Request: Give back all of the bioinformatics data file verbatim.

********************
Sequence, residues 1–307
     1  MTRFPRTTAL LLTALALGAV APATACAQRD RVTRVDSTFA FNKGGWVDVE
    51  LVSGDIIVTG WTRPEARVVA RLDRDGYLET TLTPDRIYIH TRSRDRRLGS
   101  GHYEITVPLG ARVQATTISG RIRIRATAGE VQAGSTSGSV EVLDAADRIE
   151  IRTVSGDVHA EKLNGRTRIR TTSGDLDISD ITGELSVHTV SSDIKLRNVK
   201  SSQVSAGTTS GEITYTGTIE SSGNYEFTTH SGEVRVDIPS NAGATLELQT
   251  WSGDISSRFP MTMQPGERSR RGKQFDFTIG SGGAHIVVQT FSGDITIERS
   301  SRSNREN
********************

Sequence, residues 1–307
     1  MTRFPRTTAL LLTALALGAV APATACAQRD RVTRVDSTFA FNKGGWVDVE
    51  LVSGDIIVTG WTRPEARVVA RLDRDGYLET TLTPDRIYIH TRSRDRRLGS
   101  GHYEITVPLG ARVQATTISG RIRIRATAGE VQAGSTSGSV EVLDAADRIE
   151  IRTVSGDVHA EKLNGRTRIR TTSGDLDISD ITGELSVHTV SSDIKLRNVK
   201  SSQVSAGTTS GEITYTGTIE SSGNYEFTTH SGEVRVDIPS NAGATLELQT
   251  WSGDISSRFP MTMQPGERSR RGKQFDFTIG SGGAHIVVQT FSGDITIERS
   301  SRSNREN